PSA: Breath-Holding, Parent-Terrifying Babies

Well it seems that I have another one. My youngest son was eight days old when we took him to the pediatrician and he demonstrated his frightening little trick for her.  He was crying and then he stopped breathing. “Oh. He’s a breath holder” she excitedly said. She asked if anyone else in our families had this habit. It’s hereditary. Why actually, my sister-in-law held her breath as an infant and toddler. Many times she did so until she passed out, terrifying her mother, father and older siblings. I am so thankful that we had this pediatrician on this day-  one of the very few times my son has ever had to go into the office. She has been practicing for many years—she’s a grandma—and happened to know about this habit as well as a response to make the baby or young child draw a breath instead of standing by helplessly, frantically watching them pass out.

“Just blow in his face” she told us “and he’ll stop.” When a “breath holder” is blown on–in short, fast breaths– he/she will be startled and “forced” to take a breath. Not much is known about breath holders and worse many people don’t seem to know this trick. I have read about people whose child passes out regularly, sometimes even daily, because they don’t know to just blow in their child’s face. Even many websites that discuss breath holding spells or expiratory apnea don’t offer this simple solution, instead they try to comfort the parent with the knowledge that the baby will quickly recover—after passing out!—and that seizures are rare.

My first daughter was a few months old when she sneakily held her breath on me for the first time. She was crying, but I didn’t realize that she was also holding her breath. When her little body went limp in my arms—I think that was the worst feeling I have ever had in my life. I nearly passed out too, but she did come around fairly quickly. She was slightly dazed for a few minutes. If I hadn’t known about breath holders, I’m sure we would have been on route to the emergency room instead of reassuringly cuddling each other.

And today  I discovered that her little two-week old sister is a breath holder too—but I blew on her and she drew a breath.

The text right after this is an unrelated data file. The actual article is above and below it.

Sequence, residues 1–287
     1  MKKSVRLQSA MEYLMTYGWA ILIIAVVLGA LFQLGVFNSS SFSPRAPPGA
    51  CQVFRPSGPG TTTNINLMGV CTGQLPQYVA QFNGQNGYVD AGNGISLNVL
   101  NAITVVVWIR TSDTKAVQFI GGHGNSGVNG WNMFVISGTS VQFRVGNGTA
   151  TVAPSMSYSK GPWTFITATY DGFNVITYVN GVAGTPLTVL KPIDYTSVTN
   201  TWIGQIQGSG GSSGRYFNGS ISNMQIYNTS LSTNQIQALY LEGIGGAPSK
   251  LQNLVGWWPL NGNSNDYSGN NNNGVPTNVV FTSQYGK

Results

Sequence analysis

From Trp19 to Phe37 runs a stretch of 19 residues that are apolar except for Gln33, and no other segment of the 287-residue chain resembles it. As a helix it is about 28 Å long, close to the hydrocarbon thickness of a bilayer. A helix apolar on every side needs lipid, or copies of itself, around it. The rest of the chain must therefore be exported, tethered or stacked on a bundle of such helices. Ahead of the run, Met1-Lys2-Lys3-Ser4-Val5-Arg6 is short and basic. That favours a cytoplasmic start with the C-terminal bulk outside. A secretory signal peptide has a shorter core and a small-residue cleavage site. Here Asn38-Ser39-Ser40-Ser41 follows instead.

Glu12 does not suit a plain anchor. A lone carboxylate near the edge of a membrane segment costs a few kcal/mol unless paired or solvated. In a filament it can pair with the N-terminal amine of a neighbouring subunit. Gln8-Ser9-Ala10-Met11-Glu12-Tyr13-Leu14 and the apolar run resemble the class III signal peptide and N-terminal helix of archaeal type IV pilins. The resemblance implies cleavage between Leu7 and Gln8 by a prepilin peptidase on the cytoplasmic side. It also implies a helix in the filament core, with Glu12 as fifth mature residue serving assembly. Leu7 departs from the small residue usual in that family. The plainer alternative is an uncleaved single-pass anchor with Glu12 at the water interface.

If you have a baby who is a breath holder or know someone else who does, please use this technique or tell others about it. It is so simple and effective. It could eliminate a lot of suffering for breath holding babies and especially their families.

*update 1/24

Took baby in to the doctor for the first time. She did her trick and when I blew in her face the nurse gave me a “you weird woman” side-eye.


13 thoughts on “PSA: Breath-Holding, Parent-Terrifying Babies

  1. Salaams Dear Friend:

    Alhamdulillah, Mabrook on the new baby!

    I have seen babies cry so hard that the poor little thing’s face turns purple. How frightening.

    What a handy little trick, blowing on their face. Everyone should know about it.

  2. Subhanallah. Little babies are just sooo funny with their quirky behaviors. Spread the word about blowing on the face. Oh, and of course congrats on your new baby.

  3. Salams Sissies,
    I’ve been reading through some more message boards and am just amazed by some people’s child-rearing attitudes. I have seen several people insist that these babies are “throwing tantrums” or being “manipulative.” They suggest to just let the baby pass out and then they will learn to stop doing it. SubhanAllah, I hope other parents find out how to deal with it. It’s very upsetting. Have also read for some breath-holders it works to squirt them with a little water-lol-I couldn’t even do that to my cat!

  4. Maybe a gentle spray of water like one of those face refresher bottles. Not like a menacing, hard spray or anything.

  5. People are so odd sometimes, an infant cannot be “manipulative” or throw a tantrum. Babies are not bad nor do they have bad behavior. What they do is simply instinct at this point, and quirky personality things, lol. But to suggest that a baby is being manipulative, come on! Subhan’Allah, we are born with a natural state of goodness, and anyone who says otherwise, hasn’t spent much time with a newborn…

    Hugs! Glad to hear things are going well for you and your family 🙂

  6. Its quite alarming when a child holds his/her breath to the point they go blue in the face! I feel sometimes the parents reaction to it (of fear) can aggravate the problem

    1. It seems there is a lot of ignorance about this condition and unfortunately that probably causes parents to freak-out, which is upsetting for little kids–to see their parents not only not know what to do but also freak-out. So yeah, that could aggravate the problem 😦

  7. i know this is a old post, but just FYI – the blowing on face only worked until my lil guy was 6 months old. After that it stopped working.

    1. It is ancient in blog terms, but a lot of people stop by it- so did you find another way to cut it off? Blowing worked well for my three, though we sometimes had to blow hard and repeatedly.

  8. I have a 2 year old who held his breath since he was a day old. Blowing in his mouth or face does not work for him. I have tried everything nothing works. About 2 weeks ago his left side of his face is drawing up during the spell. Has anyone ever experienced this with “breath holding”

    1. I’m so sorry Jessica. I had one baby pass out on me once and it was horrible. The passing out can cause some damage if it happens frequently/too much. I would suggest that you find a helpful practitioner if possible. I have also heard of spritzing them with water- like you do bad cats!- but never had to try that.

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